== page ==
I saved this recipe so long ago, I cannot tell you how or why I came across it. And I really cannot tell you why I have waited oh-so-long to enjoy it. Because it was simply divine. Everything I wanted it to be. Perfectly tart and tangy, just the right amount of sweet, but neither exceedingly sweet (like some coffee cakes) nor too sour (as some lemon can overpower doughy goodness). So I suggest you hurry up and find an occasion to make it. you won’t regret it.
It begins simply as a sweetbread recipe, combining warm milk, butter, and water with the dry ingredients. As you add the eggs and prepare for kneading and rising, it is quite sticky.
The recipe calls for one tablespoon on the board to knead the dough. I was wary about this, watching the mixer and prying the dough apart from my spatula onto the board. To my surprise, the single tablespoon was sufficient in this step. But this was not the end for me and the flour and the sticky dough. More on that later.
While the dough rises, the zests work their magic on the sugar, creating a crumbly, tangy, sweet, almost juicy mixture that gets you excited for what’s to come. Unfortunately, there’s a bit more waiting ahead. And battle with the rolling of the dough.
I have a somewhat tormented relationship with rolling dough, brought on by a finicky family recipe that yields wafer thin sugar cookies like no-other, but has (I will admit) on more than one occasion brought me to tears. And so, when I pulled this beautifully risen dough out for a roll, I barely hesitated before using flour as needed to roll. (Translation: flour-as-needed in this instance probably resulted in an extra 4-6 tablespoons. I don’t have much to compare it to, but I don’t think it suffered.)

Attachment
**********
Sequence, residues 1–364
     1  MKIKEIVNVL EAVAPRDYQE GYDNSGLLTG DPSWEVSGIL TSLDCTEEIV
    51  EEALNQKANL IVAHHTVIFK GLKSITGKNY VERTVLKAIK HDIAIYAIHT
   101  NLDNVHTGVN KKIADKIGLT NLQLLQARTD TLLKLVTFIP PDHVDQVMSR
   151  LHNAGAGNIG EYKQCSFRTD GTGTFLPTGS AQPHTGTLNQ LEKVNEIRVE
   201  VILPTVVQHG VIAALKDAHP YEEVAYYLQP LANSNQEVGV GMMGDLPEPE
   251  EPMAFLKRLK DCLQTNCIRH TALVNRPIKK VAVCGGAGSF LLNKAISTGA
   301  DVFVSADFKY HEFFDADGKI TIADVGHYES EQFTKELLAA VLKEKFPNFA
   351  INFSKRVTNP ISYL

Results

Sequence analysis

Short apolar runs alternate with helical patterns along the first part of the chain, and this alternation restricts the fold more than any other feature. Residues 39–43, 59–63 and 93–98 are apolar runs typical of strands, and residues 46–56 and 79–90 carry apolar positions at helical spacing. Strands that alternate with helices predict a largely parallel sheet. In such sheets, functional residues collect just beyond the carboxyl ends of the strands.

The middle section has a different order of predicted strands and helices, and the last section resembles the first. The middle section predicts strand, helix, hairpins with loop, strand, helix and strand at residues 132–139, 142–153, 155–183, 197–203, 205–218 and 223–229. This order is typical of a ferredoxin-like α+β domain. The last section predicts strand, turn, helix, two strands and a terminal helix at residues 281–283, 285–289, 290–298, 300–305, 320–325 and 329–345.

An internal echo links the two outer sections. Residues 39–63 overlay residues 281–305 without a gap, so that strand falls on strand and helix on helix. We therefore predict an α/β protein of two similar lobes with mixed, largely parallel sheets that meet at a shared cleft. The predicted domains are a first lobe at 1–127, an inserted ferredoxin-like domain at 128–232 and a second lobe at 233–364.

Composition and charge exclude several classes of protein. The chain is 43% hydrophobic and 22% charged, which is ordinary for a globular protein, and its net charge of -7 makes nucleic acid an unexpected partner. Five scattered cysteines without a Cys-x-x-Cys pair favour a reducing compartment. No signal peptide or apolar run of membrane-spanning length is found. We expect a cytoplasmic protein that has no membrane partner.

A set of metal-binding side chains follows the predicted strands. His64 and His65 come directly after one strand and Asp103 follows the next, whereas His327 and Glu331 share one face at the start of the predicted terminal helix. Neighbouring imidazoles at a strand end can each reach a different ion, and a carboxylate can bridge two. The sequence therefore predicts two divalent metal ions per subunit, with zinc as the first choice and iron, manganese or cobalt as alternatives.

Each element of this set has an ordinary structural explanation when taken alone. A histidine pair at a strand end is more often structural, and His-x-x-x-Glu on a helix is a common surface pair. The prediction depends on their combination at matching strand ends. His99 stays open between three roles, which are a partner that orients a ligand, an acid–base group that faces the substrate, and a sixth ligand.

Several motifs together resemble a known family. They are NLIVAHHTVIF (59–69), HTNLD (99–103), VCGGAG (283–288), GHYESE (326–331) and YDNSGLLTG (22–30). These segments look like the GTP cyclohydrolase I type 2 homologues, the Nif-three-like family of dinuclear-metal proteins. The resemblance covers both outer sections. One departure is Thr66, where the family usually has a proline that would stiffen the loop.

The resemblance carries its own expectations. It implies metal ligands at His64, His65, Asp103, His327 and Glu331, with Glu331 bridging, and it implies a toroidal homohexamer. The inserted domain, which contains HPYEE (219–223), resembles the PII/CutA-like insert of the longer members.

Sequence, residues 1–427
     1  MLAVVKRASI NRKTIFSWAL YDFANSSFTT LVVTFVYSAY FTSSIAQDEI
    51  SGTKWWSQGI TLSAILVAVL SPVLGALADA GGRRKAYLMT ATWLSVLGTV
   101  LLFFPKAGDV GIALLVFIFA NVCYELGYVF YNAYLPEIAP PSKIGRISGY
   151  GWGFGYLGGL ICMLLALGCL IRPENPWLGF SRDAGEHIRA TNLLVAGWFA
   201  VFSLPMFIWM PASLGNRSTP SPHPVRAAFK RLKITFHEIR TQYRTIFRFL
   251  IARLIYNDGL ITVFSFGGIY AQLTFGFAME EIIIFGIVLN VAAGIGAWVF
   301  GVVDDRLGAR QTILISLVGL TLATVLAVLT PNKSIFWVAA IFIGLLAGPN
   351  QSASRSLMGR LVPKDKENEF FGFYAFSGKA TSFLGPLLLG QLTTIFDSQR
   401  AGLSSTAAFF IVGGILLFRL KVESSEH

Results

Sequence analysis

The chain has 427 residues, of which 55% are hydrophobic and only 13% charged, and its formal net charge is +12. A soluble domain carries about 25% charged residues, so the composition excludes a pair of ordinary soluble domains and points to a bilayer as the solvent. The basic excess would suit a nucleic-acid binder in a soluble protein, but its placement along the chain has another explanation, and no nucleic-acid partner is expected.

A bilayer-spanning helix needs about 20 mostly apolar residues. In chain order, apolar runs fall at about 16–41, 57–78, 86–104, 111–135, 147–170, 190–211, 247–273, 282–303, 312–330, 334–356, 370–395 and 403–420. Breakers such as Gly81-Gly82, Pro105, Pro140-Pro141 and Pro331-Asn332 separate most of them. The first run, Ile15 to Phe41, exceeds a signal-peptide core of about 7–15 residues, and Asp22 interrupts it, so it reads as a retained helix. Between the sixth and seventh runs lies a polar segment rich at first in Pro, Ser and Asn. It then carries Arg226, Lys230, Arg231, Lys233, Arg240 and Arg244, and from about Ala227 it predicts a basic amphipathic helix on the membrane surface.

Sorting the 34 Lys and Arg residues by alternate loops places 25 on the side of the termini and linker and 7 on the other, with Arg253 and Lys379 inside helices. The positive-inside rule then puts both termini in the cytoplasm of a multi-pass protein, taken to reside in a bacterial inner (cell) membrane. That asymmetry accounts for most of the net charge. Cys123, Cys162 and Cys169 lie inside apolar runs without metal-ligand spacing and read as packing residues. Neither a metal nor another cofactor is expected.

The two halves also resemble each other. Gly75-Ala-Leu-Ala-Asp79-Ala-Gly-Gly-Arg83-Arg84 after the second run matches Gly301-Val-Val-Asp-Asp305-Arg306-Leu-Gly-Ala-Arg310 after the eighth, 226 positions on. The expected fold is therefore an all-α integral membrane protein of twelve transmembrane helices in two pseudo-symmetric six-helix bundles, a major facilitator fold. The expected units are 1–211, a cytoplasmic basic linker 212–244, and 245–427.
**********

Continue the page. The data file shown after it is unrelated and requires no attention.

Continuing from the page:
You see, not only is this dough sticky even in it’s risen state, but it’s quite springy, and I found it a bit of a challenge to get into the perfect 20″ x 12″ rectangle that was required for the perfect layers. A day late I found this tidbit on thekitchn about dough prep the night before. In their review of this recipe, they think it helped while working with the dough. Next time, I’ll give this a shot. There definitely will be a next time.
Once rolled, the layering went quite smoothly, even if my rectangles weren’t all perfect and exactly the same size. My perfectionist ways were concerned about this, but later rewarded by the variation of layers. I’d also advise that you read carefully, as I cut 4 strips 5″ wide, instead of the 5 strips 4″ wide that fit so nicely into a loaf pan. A little improvisation of layers … and all worked in the end.
At the end of the second rise, the waiting gets really tough. And then, see? How haphazard uneven layers turned into perfection?
The sugar + zest form the whole of the citrus flavoring in the bread itself, and create a beautiful carmel on the edges that make you forget that dry crust could ever exist.
But be careful! Don’t take your cake out of the pan too soon! Mine was still warm, and almost wanted to sag to the sides. Luckily, it held together long enough for us to pull the layers apart in our own time. As in, about 30 seconds after the icing is on.
The icing was nearly perfect over the warmth of the cake it dripped ever so slightly. I just might add a touch more milk next time so it drips just *a bit* more.
In the end, it’s really quite wonderful, as I said at the start. I have a fondness for citrusy baked goods… my mom’s lemon poundcake is a favorite. But this even pleased someone who doesn’t often care for lemon baked goodness. I know, that sounds crazy to me too.
Complete recipe at Leite’s Culinaria. But good luck getting 14 servings out of this tasty treat.